Twenty GOP state attorneys-general protest proposed federal expansion of tribal casino gaming

Haley Hintze
Published by:
Posted on: March 11, 2023 9:57 pm EST

Twenty of the 28 currently-serving Republican state attorneys-general have co-authored a letter to the Bureau of Indian Affairs protesting a widespread expansion of tribal gambling, both live and online, proposed by the BIA in late 2022.

“The proposed regulations would authorize an unprecedented expansion of tribal casino gaming—and would achieve that outcome by unjustifiably restricting the ability of state governments to adopt and enforce their own policies on gaming matters,” wrote the lead author of the letter, Montana Attorney General Austin Knudsen.

The expansions proposed by the BIA, a division of the Department of the Interior, would significantly expand the forms and channels through which American tribal nations can offer gambling services. The BIA proposals, if adopted, would comprise the largest expansion of tribal gambling since the Indian Gaming Regulatory Act (IGRA) was signed into law in 1988.

Sports betting, online gambling head debate topics

The two largest proposed areas of expansion are sports betting and online gambling, neither of which was addressed — or in online gambling’s case, even existed — when IGRA’s passage kicked off the modern tribal-casino era.

In recent years, fierce legislative and legal battles have ensued in numerous US states, pitting tribal interests against other gambling-industry stakeholders, and in many cases, against state and federal governments themselves.

The two most visible states where the battle over gambling expansion have occurred are Florida and California, though several others face bitter battles as well. In Florida, the “West Flagler” lawsuit against both the Seminole Tribe and the federal Department of Interior forced the Seminole Tribe to suspend sports-betting services it had launched in a deal with the state’s government. In California, both sports betting and online gambling, including online poker, have been stalemated for over a decade in that state’s legislature. The three-way California battle continues between tribal gaming, card rooms, and the state’s pari-mutuel industry.

BIA proposals redefine tribal-gaming parameters

The expanded opportunities proposed by the Bureau of Indian Affairs begin with the arrangement that exists today, where tribal nations negotiate gaming contracts with state governments on a state-by-state basis. One of the changes, however, would declare online gambling to be taking place on tribal lands if the gaming servers are located on the relevant tribal reservations.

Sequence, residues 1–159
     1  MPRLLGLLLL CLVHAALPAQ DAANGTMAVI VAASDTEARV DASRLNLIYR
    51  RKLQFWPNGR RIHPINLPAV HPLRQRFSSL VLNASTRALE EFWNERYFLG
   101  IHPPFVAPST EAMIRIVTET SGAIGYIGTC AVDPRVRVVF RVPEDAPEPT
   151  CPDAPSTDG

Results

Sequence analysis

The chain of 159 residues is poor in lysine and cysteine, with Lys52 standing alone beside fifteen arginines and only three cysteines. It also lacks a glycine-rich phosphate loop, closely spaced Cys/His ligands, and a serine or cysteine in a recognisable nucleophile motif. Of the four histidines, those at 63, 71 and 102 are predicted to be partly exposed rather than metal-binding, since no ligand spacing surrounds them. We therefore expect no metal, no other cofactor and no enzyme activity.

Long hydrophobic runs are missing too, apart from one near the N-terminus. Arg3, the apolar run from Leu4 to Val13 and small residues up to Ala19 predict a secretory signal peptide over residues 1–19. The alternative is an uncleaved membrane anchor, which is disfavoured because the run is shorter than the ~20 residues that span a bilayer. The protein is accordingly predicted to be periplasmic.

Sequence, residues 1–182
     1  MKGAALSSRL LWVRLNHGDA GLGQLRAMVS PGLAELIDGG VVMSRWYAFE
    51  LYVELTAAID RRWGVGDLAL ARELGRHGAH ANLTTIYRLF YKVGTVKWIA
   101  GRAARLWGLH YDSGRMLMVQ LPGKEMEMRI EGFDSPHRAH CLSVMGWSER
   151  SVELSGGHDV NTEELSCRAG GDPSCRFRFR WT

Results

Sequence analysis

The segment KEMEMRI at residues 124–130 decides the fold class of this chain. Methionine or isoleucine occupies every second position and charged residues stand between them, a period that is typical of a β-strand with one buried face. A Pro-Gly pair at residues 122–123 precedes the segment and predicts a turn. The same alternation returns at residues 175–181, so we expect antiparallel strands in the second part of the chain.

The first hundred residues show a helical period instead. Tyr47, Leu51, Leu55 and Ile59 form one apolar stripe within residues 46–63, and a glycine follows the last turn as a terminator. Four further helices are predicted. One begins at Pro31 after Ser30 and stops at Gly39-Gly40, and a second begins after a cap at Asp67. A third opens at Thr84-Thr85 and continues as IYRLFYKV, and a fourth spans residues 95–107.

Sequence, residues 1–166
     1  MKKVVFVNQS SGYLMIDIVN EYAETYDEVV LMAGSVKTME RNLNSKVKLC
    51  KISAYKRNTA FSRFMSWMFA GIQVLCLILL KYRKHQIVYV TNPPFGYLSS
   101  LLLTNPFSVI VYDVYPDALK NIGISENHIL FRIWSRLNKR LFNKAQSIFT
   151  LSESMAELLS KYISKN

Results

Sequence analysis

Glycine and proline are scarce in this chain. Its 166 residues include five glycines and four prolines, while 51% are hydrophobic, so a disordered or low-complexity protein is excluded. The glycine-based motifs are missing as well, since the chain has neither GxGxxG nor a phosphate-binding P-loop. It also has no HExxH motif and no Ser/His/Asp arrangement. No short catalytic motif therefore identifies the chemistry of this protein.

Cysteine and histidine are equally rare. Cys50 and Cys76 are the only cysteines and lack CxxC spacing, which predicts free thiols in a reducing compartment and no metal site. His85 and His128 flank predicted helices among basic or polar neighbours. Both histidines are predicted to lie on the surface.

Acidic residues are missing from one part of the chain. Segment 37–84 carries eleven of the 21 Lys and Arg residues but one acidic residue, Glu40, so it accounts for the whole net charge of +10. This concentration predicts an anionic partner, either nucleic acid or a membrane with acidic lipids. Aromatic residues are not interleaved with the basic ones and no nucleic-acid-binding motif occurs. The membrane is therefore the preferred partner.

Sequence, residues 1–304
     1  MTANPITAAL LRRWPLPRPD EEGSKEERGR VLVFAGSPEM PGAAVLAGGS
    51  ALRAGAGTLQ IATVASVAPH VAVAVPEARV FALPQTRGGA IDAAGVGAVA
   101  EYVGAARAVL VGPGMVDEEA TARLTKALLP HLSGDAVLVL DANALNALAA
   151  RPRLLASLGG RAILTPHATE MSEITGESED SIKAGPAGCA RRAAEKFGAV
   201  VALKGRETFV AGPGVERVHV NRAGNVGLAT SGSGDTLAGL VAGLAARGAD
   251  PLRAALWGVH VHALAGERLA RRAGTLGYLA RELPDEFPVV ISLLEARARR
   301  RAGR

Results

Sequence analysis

The online gambling would then be declared legal, at the federal level, anywhere in that state, with a carveout for lands owned by other tribal nations. It’s this provision that has drawn the ire of the Republican attorneys-general. Most of the states represented by the recent protest letter to the BIA offer tribal gaming that at the present time is limited to live-casino action.

The legal precedents are murky as well. California’s Iipay Nation of Santa Ysabel famously tried to launch an online-bingo platform in 2014. State of California and US federal prosecutors immediately sought and obtained a temporary restraining order, arguing that under the admittedly out-of-date IGRA, online gambling was not deemed to be taking place on Iipay Nation land. The case was decided in 2018 with a ruling declaring the online bingo under IGRA.

That left the original interpretation of IGRA in full force, but the BIA’s opinion suddenly flipped in 2021, when the Florida West Flagler case originated. That battle began when an agreement between the Seminole Tribe and the administration of Florida Governor Ron DeSantis allowed for the same type of remote gambling, albeit for sports betting, to be declared as legal under IGRA.

This time, despite the earlier Iipay Nation precedent, the Department of the Interior issued no opinion on the Seminole-Florida compact, allowing it to stay in force and become an expansion of IGRA by default. Hard Rock’s online sports-betting app, available to most Floridians, then launched in November 2021, but just a month later, it was yanked as the West Flagler case began its ongoing march through the courts.

Land-in-trust restrictions would be eased

Another BIA proposal would remove many of the restrictions governing how tribal nations acquire land in trust and use it to build land-based casinos near population centers. The land-in-trust concept was initially implemented as a way to allow remotely-located tribal nations the chance to build a live casino that could draw reasonable traffic as envisioned under IGRA.

However, the original rules still mandated that the proximity of the land to be acquired and casino-ized to the tribe’s reservation was a factor to be considered. That language would be removed under the BIA’s new proposals. While most metropolitan areas in the US are serviced by one or more casinos, the change could launch a land rush of sorts, with multiple tribal nations looking to acquire and build in the most lucrative remaining areas. Given the parallel pressure of casino licensing that already exists between any pair of neighboring states, and small-to-mid-sized casinos could proliferate, especially in border regions.

Featured image source: BIA